Freedom always confronts the individual with painful contradictions and with responsibilities that he must exercise in the face of choices and risks. The individual never likes that; he much prefers a necessary, inevitable, clear course: in this way at least no time is lost in deliberation, and there is no binding responsibility. The individual is always ready to submit to necessity, as long as freedom's vocabulary is preserved, so that he can equate his servile obedience with the glorious exercise of a free, personal choice.
I picked up Jacques Ellul's book The Ethics of Freedom again this afternoon and was skimming it to ponder some of his thoughts along with some of the things I have been thinking about. I am convinced that freedom really does scare most people and I think Ellul in his comment above describes the condition most live in. Most talk about freedom, all the while they are not free at all.
Religion shapes people to say...."Tell me what to do...define a list for me and I will do it"...and then we live in fear of wandering outside those boundries unsure of what will happen to us if we do. This is law and can never produce freedom. Conformity and rebellion are just the opposite sides of the same coin and there is no freedom to be found there. But as you will read below Ellul describes religious conformity to be the most dangerous because it produces the strongest illusion. Jesus in his telling of the prodigal son story was saying the same thing.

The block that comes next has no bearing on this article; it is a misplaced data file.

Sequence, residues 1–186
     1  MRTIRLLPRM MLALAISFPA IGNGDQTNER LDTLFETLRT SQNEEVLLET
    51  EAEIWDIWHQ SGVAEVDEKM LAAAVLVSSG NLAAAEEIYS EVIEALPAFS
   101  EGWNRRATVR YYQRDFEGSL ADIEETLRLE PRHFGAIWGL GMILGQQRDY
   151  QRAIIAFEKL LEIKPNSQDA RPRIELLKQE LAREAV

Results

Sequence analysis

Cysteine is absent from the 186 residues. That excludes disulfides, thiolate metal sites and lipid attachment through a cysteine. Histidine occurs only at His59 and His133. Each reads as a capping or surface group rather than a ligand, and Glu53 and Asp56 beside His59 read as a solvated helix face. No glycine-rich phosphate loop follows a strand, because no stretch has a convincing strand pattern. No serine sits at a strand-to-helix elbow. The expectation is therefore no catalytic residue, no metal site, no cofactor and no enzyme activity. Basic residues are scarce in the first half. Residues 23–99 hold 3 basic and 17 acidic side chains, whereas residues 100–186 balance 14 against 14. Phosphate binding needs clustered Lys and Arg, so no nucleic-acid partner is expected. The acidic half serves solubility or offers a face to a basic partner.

"Innumerable works of sociology are based on the uncritical and undemonstrated and irrational assumption of human freedom. The incurable tendency should warn us that of all the factors in human life freedom needs the most cautious handling and is the most illusory.
This is the more true because, as we have seen, man does not want to live as free man. He fears freedom but wants to say that he is free. Freedom in Christ comes under this rules too. Since the illusion of freedom constantly recurs, Christians as men continually interpret the feeblest conformity as Christian freedom, but are unable to see it in and of themselves. Indeed they are the first to fall victim to the illusion just because they know that there is a liberating love of God.
When the non-Christian accepts the illusion of being free he has no firm basis for this and so his belief is fragile and can easily be overturned. But Christians have the assurance that where the Spirit of the Lord is, there is liberty. Obeying human nature they quickly change this solid reference into intolerable vanity. Their fall is even greater. Since freedom leads them to this illusion shared by all, they are more effectively alienated than before they knew they were freed, for their alienation rests now on the conviction that they are free in Christ and it is thus a perversion of freedom. They are also doubly alienated, falling back under the common determinations and yet imagining that they are free in Christ. Confusion of the freedom given by God with a freedom native to man; confusion of the act of grace with nature, brings them under the bondage of an illusion of freedom."